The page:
When his Ikea-outfitted condo is blown up in a mysterious explosion, Jack moves into a dilapidated old house (reminiscent of the Bates Motel) with him. The pair indulge in recreational fistfights in a bar parking lot, which expands into an underground club for alienated men to take out their frustrations on each other as a homosocial and homoerotic act. Though Durden and Maria have a noisy affair, fantasised and actualised by Jack, women almost don't impinge on the world of Tyler Durden. It's a plot feint about the overt attraction between the male leads, beautiful Brad and wiry Edward, that winds in on itself with the revelation that Jack has been fighting himself. Durden turns Fight Club into Project Mayhem, a campaign of revolutionary pranks which extends so far into the infrastructure of society that when Jack catches on to his double life and confesses, most of the cops turn out to be in on
“As she start dancing and bring detached expression on her face, the men began reaching out to touch her.” (Ellison 280) For whites she is just a piece of entertainment and viewed in the same manner the black men are viewed; less than a person. “I saw the terror and disgust in her eyes, almost like my own terror and that which I saw in some of the other boys” (Ellison 280). This whole description connects
Nicholas shows his butt and farts in Absalon’s face, but Absalon sticks him with a hot poker, and when Nicholas cries for water, the husband thinks that this is the sign that the flood is coming, and so he crashes to the floor. The neighbors laugh at John’s preparation for flood and that he has lost his mind. Plus, they know for sure that his wife has cheated on him. Literary Merit: Irony Chaucer uses the idea of irony in his language to create his characters and their unique natures. The character of Alison, despite her attempts to create an image of a lady, is completely promiscuous, and from this emerges dishonesty.
Considered their masterpiece, the song Dance With The Devil is a five-minute rap that describes a young man named Billy Jacobs who spirals into a world of drugs and violence due to the world’s corruptive atmosphere. Although the song is the story about one person, the message speaks to all of humanity about the extremes that result from our inner feelings of greed and selfishness. Dance With The Devil is an accurate depiction of how devilish feeling lurk beneath all individuals and we can all relate to its message by revaluating how we respond to our greed and selfishness. Many are unfavorable towards the songs graphic story as it portrays how evil and cruel humans can be. The five-minute rap is not exactly one that can be played while eating at a restaurant or going shopping.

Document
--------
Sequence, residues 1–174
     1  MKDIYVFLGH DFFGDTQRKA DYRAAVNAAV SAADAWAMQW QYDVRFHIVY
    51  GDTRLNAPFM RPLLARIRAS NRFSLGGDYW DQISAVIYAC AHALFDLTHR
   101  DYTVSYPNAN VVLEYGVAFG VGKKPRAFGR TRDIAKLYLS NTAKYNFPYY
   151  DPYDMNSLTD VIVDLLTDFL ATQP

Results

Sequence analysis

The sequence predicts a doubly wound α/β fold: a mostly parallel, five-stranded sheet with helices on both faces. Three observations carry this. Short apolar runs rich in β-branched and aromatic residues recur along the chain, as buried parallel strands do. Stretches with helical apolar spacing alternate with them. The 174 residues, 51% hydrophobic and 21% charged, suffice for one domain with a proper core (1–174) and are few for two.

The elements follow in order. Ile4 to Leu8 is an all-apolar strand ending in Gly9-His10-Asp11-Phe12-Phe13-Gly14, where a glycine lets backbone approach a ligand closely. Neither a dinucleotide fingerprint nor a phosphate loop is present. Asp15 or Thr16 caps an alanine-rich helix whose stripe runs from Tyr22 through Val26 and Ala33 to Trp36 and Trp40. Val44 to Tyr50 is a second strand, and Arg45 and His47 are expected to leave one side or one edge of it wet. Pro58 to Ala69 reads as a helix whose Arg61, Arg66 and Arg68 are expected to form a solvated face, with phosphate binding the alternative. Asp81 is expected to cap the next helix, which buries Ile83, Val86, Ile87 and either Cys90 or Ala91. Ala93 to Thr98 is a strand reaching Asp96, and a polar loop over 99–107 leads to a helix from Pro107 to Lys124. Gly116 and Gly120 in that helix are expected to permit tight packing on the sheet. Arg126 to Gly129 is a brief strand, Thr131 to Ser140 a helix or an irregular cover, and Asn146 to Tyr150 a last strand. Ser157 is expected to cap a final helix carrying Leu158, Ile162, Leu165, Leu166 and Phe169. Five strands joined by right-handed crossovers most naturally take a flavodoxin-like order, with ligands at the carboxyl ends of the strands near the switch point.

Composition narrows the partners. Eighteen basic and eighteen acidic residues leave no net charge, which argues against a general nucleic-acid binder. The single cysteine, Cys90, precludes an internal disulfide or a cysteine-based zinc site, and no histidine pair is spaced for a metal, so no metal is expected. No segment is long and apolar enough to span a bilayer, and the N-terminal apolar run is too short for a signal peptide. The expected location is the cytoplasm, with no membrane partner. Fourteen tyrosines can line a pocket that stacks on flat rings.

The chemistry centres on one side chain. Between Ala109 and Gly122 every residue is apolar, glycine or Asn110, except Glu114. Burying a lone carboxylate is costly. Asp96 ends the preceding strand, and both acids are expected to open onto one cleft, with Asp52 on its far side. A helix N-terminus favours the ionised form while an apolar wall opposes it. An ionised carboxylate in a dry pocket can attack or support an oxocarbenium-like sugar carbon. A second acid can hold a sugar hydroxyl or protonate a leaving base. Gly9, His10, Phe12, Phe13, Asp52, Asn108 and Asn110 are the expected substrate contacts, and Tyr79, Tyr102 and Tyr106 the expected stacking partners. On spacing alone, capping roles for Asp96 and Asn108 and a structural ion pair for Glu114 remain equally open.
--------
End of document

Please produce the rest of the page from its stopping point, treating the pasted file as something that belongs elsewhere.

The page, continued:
Their sarcastic remarks to the powerless victim are evocative of the sarcasm Alex and his gang used on the victims that they beat and sometimes raped. Whilst Alex is suffering from the movie clips, Doctor Brodsky simply says ‘Excellent, excellent, excellent.’ Here, the Doctor is clearly portraying how he does not wish to show any sympathy towards helpless Alex, as he did do to his previous victims. The detail in which Alex goes into whilst in distress is extremely intense and vivid. Alex says ‘I was sweating a malenky bit with the pain in my guts and a horrible thirst and my gulliver going throb throb throb.’ For me, the repetition of the word ‘and’ explains to the reader just how many feelings of pain and discontent Alex is going through. Words such as ‘sweating’ ‘guts’ and ‘thirst’ are all words that we associate with labour and hard work and that is exactly what Alex seems to be going through.